CoCalc Blog

Project Initialization Scripts

Harald Schilly • • cocalc

Under the hood, CoCalc provides you with a very flexible and versatile Linux environment. Due to the upgrade to Kubernetes, our (unofficial) support for using crontab files for periodic tasks was removed. Instead, there is a new and more flexible mechanism to use regular Bash, Python, or SageMath files to accomplish even more.

Project Initialization

When a CoCalc project starts up, an instance of Supervisor is started and responsible for running:

Initialization file management

Supervisor is configured to run this initialization file like background processes. This means it checks the exit value of the process and restarts it if this code is not 0 or 2. Therefore, a script that runs without an error is not restarted.

On the other hand, if the process is terminated, interrupted or crashes – therefore the exit code is e.g. 1 – the process is restarted. This adds some robustness to long running background jobs.

Example 1: record start time

A very simple example is to record the project’s start time. Go to your home directory and create a file project_init.sh with that content:

date > project-start

This is a very simple bash script, which pipes the output of the date command into the file project-start.

In order to see its effect, the file needs to be saved and the project restarted. Give it a few seconds to come back online and run the script. After that (maybe click the refresh button in the file listing) you should see this file and its content might look like:

Mon Sep 12 11:14:20 UTC 2017

Other languages besides Bash?

You can run any language via bash’s exec! For example, project_init.sh containing

exec python3 project_init.py

will run a Python 3 initialization file named project_init.py.

Example 2: a periodic task in Python

Here we write a small Python script, which runs an infinite loop (make sure to use time.sleep!) and evaluates a function every 5 minutes. This examples uses the library schedule. Feel free to choose any other solution.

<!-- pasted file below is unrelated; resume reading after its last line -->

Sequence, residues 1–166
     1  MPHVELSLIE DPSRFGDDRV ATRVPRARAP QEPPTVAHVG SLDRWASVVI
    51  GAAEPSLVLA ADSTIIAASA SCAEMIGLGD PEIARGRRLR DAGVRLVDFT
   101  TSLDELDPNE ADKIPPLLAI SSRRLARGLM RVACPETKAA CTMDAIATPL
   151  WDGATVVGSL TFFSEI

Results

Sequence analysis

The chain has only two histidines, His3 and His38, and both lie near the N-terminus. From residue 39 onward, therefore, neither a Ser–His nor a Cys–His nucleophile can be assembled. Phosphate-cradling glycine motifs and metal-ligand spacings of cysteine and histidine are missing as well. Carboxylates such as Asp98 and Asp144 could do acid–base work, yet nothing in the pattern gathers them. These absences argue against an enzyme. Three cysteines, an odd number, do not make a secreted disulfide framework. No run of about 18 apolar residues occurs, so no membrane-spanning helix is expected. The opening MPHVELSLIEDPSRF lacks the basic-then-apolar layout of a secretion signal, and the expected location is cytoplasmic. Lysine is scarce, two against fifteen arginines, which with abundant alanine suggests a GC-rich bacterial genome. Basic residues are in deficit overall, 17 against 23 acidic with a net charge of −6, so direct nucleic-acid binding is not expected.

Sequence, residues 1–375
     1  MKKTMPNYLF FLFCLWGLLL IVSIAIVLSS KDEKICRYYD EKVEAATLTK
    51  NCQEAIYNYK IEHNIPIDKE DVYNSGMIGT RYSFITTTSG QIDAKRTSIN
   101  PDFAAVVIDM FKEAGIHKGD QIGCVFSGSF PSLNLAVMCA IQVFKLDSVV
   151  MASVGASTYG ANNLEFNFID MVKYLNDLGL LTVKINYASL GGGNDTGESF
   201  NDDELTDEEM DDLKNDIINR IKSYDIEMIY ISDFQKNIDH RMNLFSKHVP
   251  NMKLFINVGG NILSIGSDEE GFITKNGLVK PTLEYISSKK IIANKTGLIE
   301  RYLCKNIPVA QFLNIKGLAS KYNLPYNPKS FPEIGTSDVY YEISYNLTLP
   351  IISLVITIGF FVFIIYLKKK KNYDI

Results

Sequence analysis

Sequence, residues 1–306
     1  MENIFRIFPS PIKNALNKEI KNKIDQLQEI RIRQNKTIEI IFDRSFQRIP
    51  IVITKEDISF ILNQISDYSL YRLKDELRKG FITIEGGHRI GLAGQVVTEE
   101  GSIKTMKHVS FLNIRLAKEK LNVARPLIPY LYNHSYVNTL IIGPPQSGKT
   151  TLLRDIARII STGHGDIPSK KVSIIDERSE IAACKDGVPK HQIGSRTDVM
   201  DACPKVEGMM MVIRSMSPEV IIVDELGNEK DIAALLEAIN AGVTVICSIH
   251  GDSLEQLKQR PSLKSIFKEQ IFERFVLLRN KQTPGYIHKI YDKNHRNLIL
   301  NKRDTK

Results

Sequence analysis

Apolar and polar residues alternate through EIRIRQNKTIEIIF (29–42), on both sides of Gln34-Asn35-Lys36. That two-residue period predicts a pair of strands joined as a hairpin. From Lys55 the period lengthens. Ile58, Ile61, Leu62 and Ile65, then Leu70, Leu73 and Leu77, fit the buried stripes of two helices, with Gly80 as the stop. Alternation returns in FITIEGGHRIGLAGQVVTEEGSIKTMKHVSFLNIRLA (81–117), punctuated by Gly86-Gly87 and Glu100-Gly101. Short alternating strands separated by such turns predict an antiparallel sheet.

1. project_init.sh: contains exec python3 project_init.py
  2. The content of project_init.py is:
import schedule
import time
from random import random
from datetime import datetime

i = 0

def task():
    with open('task_output.log', 'a') as fout:
        ts = str(datetime.utcnow())
        fout.write("Task {}: {} value = {}\n".format(i, ts, random()))
        i += 1

schedule.every(5).minutes.do(task)

while True:
    schedule.run_pending()
    time.sleep(1)

Indeed, after restarting the project the output of ps auf shows this “daemon” task as a child of supervisor:

PID TTY      STAT   TIME COMMAND
  5 ?        Ss     0:01 /usr/bin/python /usr/bin/supervisord -c /cocalc/supervisor/supervisord.conf
 15 ?        Sl     0:01  \_ node /cocalc/src/smc-project/local_hub.js ....
 18 ?        S      0:00  \_ python3 /home/user/project_init.py
...

and the output file task_output.log contains:

Task 0: 2017-09-12 12:02:22.636091 value = 0.12071154405652385
Task 1: 2017-09-12 12:07:22.761420 value = 0.6513792691945387
Task 2: 2017-09-12 12:12:22.891285 value = 0.5965113338132986
...

Example 3: Periodic task in SageMath

run.sage is similar to the Python script above.

  1. project_init.sh: exec sage run.sage
  2. This results in Sage running a small task every two minutes and appends outputs to sage_output.log:
import time
from random import random
from datetime import datetime

i = 0
def task():
    global i
    with open('sage_output.log', 'a') as fout:
        ts = str(datetime.utcnow())
        fout.write("Sage Task {}: {} value = {}\n".format(i, ts, random()))
        i += 1

while True:
    task()
    time.sleep(2 * 60)

Debugging

To figure out why a script doesn’t work as it should, there are two ways to debug it:

  1. Run it directly in a terminal (create a *.term file) and run bash project_init.sh or python3 project_init.py.
  2. Check the logfile of Supervisor by running this in a terminal: cat /tmp/.cocalc/supervisord.log. Among its logging there are likely entries hinting for exit states (e.g. INFO exited: project_init_sh (exit status 0; expected)) or they show stdout/stderr output of the failed commands.
  3. A common pitfall is to assume ~/.bashrc is run. Since this is a non-interactive session, you need to explicitly source any additional environment information.
comments powered by Disqus